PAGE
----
A Guide to Coffee Roasts

A Guide to Coffee Roasts

Posted on January 29 2021, By: Don Cox

A Guide to Coffee Roasts

It seems as if there is quite a bit of controversy when it comes to roast colors. The roast level of coffee is nebulous at best. Kenneth Davids takes a shot at it in his quick Reference Guide to Roast Styles with 22 common names for roast colors used by roasters over the centuries.

Whenever you have a process that has been in operation since the 16th century, you will end up with a lexicon of names that refer to roast colors.

Roast Categories

For simplicity’s sake, I will focus on three categories that I refer to when hosting clients at the Coffee Roasting Institute—light, medium, and dark roasts.  These levels refer to the changing color of the coffee beans during the roasting process. Technically, any bean can be roasted to any level of darkness, though in reality some beans are more suited towards a lighter—or a darker—roast.

In my experience, less is more when providing a starting point to determine which roast level highlights the unique flavors of different beans!  

Light Roast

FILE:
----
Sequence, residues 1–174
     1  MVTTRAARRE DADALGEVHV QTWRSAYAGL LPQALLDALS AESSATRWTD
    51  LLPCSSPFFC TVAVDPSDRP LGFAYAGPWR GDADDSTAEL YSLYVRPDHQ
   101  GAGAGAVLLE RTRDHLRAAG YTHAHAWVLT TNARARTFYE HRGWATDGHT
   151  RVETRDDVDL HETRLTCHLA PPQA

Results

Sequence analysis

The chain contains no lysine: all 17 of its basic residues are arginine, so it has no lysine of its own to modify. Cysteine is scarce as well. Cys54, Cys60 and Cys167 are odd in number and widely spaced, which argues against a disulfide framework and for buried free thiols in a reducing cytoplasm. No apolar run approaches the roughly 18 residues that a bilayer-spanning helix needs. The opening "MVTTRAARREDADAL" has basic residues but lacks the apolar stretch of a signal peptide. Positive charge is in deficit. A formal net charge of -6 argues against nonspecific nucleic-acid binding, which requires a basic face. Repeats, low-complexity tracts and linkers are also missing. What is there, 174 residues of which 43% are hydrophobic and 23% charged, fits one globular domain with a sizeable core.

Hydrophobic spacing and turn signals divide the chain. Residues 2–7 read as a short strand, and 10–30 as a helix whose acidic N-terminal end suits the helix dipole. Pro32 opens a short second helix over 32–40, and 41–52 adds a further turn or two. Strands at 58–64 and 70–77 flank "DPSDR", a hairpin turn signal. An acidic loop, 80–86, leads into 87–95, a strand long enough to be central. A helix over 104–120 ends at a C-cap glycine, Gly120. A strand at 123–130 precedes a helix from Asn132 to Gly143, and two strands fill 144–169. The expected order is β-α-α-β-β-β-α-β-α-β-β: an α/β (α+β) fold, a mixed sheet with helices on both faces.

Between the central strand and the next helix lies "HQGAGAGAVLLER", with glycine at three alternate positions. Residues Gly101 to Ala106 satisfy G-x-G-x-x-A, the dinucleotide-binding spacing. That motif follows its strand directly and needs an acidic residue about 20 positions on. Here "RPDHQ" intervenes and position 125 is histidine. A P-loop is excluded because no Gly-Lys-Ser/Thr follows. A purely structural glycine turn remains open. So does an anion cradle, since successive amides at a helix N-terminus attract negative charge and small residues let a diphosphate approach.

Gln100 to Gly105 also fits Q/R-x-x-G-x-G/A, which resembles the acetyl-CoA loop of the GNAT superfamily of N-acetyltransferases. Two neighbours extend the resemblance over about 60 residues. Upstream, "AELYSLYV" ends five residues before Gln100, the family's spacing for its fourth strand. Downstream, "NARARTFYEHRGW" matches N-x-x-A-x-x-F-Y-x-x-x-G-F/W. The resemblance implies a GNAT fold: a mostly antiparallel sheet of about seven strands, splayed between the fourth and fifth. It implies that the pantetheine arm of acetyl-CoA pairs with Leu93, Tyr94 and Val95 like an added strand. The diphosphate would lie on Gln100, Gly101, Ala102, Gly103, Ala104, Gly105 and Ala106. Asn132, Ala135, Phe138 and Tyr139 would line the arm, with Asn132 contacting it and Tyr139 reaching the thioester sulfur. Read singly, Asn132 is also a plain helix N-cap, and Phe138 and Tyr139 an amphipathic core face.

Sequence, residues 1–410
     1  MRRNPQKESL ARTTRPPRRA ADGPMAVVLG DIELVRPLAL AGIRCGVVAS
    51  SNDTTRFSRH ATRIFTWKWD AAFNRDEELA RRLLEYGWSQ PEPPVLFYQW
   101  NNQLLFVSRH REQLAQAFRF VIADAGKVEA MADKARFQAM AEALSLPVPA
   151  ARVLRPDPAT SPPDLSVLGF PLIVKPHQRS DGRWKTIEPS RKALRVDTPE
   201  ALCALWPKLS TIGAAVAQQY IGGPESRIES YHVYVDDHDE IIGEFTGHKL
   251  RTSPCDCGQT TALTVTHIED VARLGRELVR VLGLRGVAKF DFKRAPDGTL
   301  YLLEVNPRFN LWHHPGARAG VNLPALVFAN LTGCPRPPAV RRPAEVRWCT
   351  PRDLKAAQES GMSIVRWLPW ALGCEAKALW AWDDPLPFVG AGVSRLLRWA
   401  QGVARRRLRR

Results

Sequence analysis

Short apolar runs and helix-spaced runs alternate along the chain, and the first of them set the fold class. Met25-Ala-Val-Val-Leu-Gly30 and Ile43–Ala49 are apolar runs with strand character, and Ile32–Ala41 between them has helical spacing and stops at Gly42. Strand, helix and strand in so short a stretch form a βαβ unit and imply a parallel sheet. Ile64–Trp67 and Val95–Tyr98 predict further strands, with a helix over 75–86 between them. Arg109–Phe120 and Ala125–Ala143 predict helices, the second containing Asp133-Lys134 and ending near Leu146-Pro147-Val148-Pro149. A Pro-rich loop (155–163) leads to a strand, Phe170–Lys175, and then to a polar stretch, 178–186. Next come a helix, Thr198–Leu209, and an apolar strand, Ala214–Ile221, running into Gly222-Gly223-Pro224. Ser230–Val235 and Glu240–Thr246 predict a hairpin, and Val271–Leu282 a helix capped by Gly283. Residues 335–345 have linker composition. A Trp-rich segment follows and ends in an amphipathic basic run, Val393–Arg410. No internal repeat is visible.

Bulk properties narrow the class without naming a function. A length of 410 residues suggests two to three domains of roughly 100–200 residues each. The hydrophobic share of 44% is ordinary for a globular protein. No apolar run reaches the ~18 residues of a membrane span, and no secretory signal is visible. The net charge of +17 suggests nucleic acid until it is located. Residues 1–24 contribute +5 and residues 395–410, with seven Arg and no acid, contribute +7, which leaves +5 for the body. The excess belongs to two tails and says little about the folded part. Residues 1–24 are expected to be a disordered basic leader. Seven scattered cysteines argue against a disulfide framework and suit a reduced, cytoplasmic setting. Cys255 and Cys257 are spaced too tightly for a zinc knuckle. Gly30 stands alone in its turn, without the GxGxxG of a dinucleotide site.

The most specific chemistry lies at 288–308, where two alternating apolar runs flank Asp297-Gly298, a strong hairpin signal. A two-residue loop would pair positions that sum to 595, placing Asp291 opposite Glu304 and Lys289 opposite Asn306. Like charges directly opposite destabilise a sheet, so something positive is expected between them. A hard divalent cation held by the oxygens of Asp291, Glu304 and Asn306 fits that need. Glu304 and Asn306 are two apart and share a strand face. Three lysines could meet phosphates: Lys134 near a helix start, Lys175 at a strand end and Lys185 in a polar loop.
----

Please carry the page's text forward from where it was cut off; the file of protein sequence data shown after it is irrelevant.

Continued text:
As beans are roasted, increasing steam pressure inside the beans will eventually cause the coffee bean cell walls to rupture, producing an audible cracking sound known as the “first crack”.  At this stage, coffee tends to display a thinner body, more pronounced acidity, and highlights any floral notes associated with the coffee.

Medium Roast

As roasting continues, a darker, medium roast evolves. This stage is referred to as the development phase of the roast. The coffee begins to brown as chlorogenic acids and sucrose break down. Milder acidity is noticeable, with the varietal characteristics being more pronounced along with a fuller body.

Dark Roast

If roasting continues beyond a medium roast stage, a second crack will occur.  After the second crack, the beans become brittle due to dehydration, Carbon Dioxide is released, and the beans begin to carbonize. Acidity becomes less evident. Primary flavors begin to burn off and are replaced with more noticeable caramelization notes.


I'm personally not a fan of dark roasted coffees! At the request of several friends who like the flavor of dark roasted coffees but are still looking for elemental flavors of the bean, I have come up with a roast profile that I feel retains the varietal characteristics of the coffee.

The result: Dark coffee roasted right!

After experimenting with different coffee origins, I have found three coffees that hold up to the high temps of the roasting process, and the feedback has been more than positive.

So, a big thank you to all of you who were persistent in your requests for a dark roasted coffee, and without further adieu, here are our dark roasted offerings!

Enjoy all our organic coffees, freshly roasted at our own Boone roastery, and available on-line!  Shop all our great coffees now! 

Thank you for supporting our passion and our purpose! 

Don Cox signature